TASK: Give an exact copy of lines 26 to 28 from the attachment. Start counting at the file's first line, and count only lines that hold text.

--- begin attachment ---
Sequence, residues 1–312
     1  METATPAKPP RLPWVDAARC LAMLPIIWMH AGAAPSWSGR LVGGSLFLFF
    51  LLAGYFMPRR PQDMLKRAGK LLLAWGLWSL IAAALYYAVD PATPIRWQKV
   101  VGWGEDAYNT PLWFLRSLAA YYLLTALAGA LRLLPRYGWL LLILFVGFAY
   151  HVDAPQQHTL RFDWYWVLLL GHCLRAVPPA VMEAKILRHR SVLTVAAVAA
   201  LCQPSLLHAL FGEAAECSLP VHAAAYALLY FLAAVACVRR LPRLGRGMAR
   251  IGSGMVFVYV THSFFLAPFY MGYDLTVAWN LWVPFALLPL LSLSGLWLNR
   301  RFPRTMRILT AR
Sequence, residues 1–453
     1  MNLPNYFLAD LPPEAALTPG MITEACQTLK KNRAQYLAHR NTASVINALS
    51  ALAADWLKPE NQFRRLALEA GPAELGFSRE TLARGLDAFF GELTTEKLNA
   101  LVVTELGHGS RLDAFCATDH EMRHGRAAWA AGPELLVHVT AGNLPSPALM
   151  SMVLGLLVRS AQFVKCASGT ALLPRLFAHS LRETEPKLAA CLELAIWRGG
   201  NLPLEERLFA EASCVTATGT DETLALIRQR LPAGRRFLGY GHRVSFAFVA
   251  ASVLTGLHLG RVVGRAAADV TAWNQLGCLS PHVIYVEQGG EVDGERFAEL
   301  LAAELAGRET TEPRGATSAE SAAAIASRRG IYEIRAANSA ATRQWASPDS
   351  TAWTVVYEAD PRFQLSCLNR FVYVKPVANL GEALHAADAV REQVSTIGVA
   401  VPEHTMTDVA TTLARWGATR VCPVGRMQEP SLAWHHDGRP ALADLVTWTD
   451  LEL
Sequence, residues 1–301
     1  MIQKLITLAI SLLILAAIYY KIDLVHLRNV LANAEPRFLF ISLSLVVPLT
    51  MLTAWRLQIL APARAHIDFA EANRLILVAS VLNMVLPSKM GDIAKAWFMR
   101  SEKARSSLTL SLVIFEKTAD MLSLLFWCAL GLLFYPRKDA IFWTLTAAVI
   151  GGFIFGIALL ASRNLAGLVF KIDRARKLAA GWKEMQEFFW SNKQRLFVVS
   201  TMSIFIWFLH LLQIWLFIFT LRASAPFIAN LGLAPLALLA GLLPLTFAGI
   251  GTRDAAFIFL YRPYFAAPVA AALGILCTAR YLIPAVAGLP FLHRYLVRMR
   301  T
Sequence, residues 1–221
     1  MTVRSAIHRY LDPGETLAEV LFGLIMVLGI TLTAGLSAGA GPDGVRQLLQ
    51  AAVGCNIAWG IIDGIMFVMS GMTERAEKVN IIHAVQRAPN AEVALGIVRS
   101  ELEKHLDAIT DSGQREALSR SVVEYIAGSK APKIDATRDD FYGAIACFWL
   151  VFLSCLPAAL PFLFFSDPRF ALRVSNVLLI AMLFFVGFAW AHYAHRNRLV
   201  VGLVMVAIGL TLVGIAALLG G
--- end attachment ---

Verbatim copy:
   251  GTRDAAFIFL YRPYFAAPVA AALGILCTAR YLIPAVAGLP FLHRYLVRMR
   301  T
Sequence, residues 1–221